School physicals are due. Which parent personality are you?
School physical season is here. Which parent personality do you fall in?
It’s that time of year again, coaches are pressuring you for your child’s athletic forms and school nurses are sending out letters threatening that your children can’t start school until they have their shots.
School physical season is one of my favorite times of the year for many reasons:
- It’s really fun to see kids grow up and get big over time.
- I love watching my patients’ personalities mature.
- I love that the visits become progressively more about my relationship with the child in addition to my relationship with their parents.
- For the most part everyone is healthy and happy.
- For most children, the promise of a new school year and new beginnings is exciting.
I have a few things on my agenda for each back-to-school checkup.
I want to talk about diet, exercise and sleep. I want to talk about how school went last year and what the plans are for the upcoming year.
But checkups are more than just about what I want. In order for the checkup to be a success, it must meet the goals of the child and parent. Parents are all over the place when it comes to their expectations for physicals.
Here are just a few examples:
1.“Let me get out my list.”
Whether your weapon of choice is a spiral-bound notebook or long thumb-scrolling iPhone lists, you know who you are. And frankly, I love you. Having a guide that directs the visit through any questions and concerns that you have is beyond helpful. It keeps me from having to talk about stuff that’s not important to you and wasting both of our time. So, bring it on, Listers, and I promise not to roll my eyes.
2.“I’m just here to get my form signed.”
No worries. That may be all you need and that’s great. In the meantime I can provide a quick screen for height, weight, body mass index, high blood pressure, heart murmurs, risk for sudden cardiac death, hearing and vision (and much more). I can also screen for drug/alcohol abuse, depression, attention problems and other school issues. “Here’s your form, thanks for coming in.”
But seriously, even in those children who come in with no apparent concerns or complaints, we do pick up health problems that need to be addressed to maximize your child’s ability to function well in school or compete at their best in their chosen activity.
3.“I’m not worried, but __________ wanted me to ask about __________.”
This is a tricky one. I’m totally cool with it, but it can be hard to get at exactly what the concerns is if that person isn’t there to ask questions. My advice … if that person is close enough to be providing this type of advice, they could probably come to the appointment. If the concern is coming from the child’s teacher, a quick note explaining what is going on can be really helpful.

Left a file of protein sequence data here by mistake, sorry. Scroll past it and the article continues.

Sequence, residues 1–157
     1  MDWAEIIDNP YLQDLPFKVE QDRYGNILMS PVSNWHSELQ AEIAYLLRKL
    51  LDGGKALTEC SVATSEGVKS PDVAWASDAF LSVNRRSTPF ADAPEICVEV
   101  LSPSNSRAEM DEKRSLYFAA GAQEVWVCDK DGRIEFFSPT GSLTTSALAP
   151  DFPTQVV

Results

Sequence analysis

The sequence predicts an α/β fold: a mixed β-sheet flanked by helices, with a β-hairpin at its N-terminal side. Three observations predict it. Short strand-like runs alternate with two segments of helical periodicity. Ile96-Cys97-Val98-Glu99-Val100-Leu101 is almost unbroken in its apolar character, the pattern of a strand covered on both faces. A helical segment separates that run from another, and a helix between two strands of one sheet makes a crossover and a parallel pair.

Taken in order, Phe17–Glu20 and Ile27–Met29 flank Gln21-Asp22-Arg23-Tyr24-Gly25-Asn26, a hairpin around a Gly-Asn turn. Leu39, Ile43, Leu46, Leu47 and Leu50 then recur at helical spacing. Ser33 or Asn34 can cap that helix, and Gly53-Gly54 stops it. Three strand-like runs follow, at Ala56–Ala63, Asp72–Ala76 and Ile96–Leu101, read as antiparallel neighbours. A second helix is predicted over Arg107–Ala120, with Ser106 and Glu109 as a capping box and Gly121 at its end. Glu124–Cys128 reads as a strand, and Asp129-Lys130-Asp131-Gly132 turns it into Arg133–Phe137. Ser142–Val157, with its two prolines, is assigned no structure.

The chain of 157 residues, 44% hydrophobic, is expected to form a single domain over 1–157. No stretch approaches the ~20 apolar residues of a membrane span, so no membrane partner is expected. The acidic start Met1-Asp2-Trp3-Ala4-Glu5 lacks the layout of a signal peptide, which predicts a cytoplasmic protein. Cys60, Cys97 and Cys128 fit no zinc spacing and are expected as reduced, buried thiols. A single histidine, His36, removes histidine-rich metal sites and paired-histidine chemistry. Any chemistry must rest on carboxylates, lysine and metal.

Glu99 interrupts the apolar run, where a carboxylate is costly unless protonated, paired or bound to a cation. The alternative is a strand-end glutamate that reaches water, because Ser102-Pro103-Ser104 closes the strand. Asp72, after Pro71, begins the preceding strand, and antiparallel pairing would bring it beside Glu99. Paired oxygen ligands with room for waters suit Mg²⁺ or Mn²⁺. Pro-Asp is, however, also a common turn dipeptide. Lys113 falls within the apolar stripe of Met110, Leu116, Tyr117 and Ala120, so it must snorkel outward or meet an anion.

Just don’t leave it up to chance that we can figure out what the problem is, especially if you don’t quite understand why they are concerned. Get specific information about the concern or have them come along.
I’m sure there are many more ways that parents think about their children’s checkup, but these are some common ones I notice.
No matter what, regular checkups are an important part of helping you maintain your child’s health. Good health increases their ability to be present for and to participate fully at school and extracurricular activities.
Which category do you fall in? Is there a different one you think I should include?
Sports EKGs are free through the month of August at specific locations in Arlington and Fort Worth. Cook Children's offers a $25 Sports EKG (electrocardiogram) screening test at our Cardiology offices in Mansfield, Southlake and Denton. Adding a sports EKG to your child’s physical can help detect most heart conditions that may lead to sudden cardiac arrest. Click to learn more.
For school physicals, visit your local Cook Children's pediatrician. Click to find one near you.
Justin Smith, M.D., is a Cook Children's pediatrician in Lewisville . He attended University of Texas, Southwestern Medical School and did his pediatric training at Baylor College of Medicine. He joins Cook Children's after practicing in his hometown of Abilene for four years. He has a particular interest in development, behavior and care for children struggling with obesity. In his spare time, he enjoys playing with his 3 young children, exercising, reading and writing about parenting and pediatric health issues.